Which (if any) CMS?

I have been looking at CMS over the last several weeks, and it seems they fall into Git-based and API-based categories.
From there, they split into SAAS versus self-hosted.

My impression of most Git-focused and Jekyll-friendly CMS’s are that they are more focused on Markdown / text / blogging / Informational type of functionality.

For now, that isn’t our problem area. Where our bottle neck is, is setting up and maintaining our eStore, which is over 200 products and growing. To date, I have maintained this from a spreadsheet feeding into CSV, and then using Jekyll to iterate the products within each category. For various reasons, this means a template page for each category.
For now, the individual item pages are created through a Python program, and then Jekyll kicks in.

Very obviously the spreadsheet has issues: invalid characters in the text-content-fields can break the load, and handling images for 200 products (typing in the URI to the CSV and uploading the images to the target directories) is obviously a real PITA.
Plus it forces over-simplification on how we need to manage the store.
For example, a simple data structure would be site, site-category, category, product-category, product, brand, product-brand, product-images, customer-type, customerType-category (for discounts) as a start.

I have tried a few of the open-source API-focused CMS packages, such as Strapi and Directus. There are also commercial and hosted solutions, but we don’t want to commit the money there until we know how the site is going to work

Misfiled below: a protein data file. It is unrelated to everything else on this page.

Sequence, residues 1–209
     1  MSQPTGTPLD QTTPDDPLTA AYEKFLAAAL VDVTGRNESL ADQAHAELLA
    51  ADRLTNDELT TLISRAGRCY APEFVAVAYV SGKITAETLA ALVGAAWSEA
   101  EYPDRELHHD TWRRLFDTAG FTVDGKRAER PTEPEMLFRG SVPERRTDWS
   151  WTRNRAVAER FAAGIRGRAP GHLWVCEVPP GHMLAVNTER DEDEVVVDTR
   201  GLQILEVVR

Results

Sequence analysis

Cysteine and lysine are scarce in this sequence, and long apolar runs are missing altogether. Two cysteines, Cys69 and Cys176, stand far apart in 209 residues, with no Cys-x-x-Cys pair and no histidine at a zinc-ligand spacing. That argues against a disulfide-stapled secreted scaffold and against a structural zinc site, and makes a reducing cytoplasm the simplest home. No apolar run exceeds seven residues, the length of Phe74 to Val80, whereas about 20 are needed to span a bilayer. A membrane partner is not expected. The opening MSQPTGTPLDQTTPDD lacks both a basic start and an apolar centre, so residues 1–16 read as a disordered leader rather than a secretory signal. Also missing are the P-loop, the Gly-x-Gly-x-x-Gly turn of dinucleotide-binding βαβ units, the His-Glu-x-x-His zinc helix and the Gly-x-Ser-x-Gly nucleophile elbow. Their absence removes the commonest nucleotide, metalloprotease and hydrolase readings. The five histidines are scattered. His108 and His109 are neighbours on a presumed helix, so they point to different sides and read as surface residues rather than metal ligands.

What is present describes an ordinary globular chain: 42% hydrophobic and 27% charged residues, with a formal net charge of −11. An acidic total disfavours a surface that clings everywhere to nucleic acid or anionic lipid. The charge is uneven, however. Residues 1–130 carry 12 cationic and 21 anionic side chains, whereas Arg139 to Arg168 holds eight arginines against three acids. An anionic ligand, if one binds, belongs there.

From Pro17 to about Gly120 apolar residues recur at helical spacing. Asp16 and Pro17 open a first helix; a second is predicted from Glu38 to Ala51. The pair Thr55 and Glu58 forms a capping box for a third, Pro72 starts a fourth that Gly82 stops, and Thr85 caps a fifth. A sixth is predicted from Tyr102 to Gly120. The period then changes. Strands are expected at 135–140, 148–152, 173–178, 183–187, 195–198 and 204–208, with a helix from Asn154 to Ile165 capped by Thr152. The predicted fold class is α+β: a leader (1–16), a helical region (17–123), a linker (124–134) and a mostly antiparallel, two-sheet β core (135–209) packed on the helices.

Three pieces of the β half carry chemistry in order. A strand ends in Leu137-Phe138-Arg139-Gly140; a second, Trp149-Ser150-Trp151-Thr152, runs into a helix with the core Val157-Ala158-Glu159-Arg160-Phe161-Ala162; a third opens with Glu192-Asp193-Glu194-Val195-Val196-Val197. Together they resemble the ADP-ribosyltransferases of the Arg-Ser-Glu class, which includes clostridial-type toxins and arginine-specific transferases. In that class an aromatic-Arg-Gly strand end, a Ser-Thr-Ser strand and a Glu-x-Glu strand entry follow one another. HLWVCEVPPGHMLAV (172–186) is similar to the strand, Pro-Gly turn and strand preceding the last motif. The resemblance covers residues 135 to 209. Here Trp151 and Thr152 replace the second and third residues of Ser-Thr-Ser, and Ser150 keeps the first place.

Very concerning is that some of the open source packages don’t seem to have a lot of traction, or have an incompatible technology stack (we don’t use PHP and MySQL), or are very buggy…

One of them I have started a test project some 5 times, and each time I get to an issue that means restarting. Not wanting to do that if I have 200 products loaded and we are transacting…

Anyone have a suggestion?

Just to carry on with the topic.
Looking at the various API CMS packages, they typically have an app for content input (often built with React or Vue), a data / data type / content / content type manager, a database for storage, with images in the file system. Then there is an API to pull data out, usually REST with GraphQL support being developed.
They also have an access / security capability to control both app and API.

But, given the sheer amount of work to get this going, I could just as easily simplify it a lot.
We use Postgresql as our DBMS standard.

I can (and have) generated a very robust data model using my standard modelling tool, which is much faster and more comprehensive in usage than any of the CMS content type managers I have seen.

PostGraphile will plug directly into the schema
Given this, Post Graphile provides high-performance GraphQL serving capability, and can automatically generate most of the schema from the database.
It also handles most of the API access and security.

That leaves content input and maintenance: for now, I have spend a day spinning up a LibreOffice Base application which can input all of the above data, with drag and drop image storage directly into the database.
For structured content, I can input data much faster than through most of the content editors I have seen… A lot of the data is entered as you would in table / spreadsheet format.
I can share this via Git with fellow workers for now, and as my Vue skills improve, can generate a Vue app to do the same.

As for maintaining page text, I can do that by spinning up a data structure that looks like
_site // navigate to site, site template directory, site static/public directory (we have multiple sites)
__pages // navigate to template page, static/public page output
___tags: tagname + text +text-type // the tag-name to search for and string / markdown to replace it and the format of the text (string, markdown…)

For posts or informational pages, we can just use Git and a suitable Markdown editor.
I already have a python program that reads through some pages and replaces tags with data, then outputs the page, where Jekyll / Liquid can’t without a plug-in.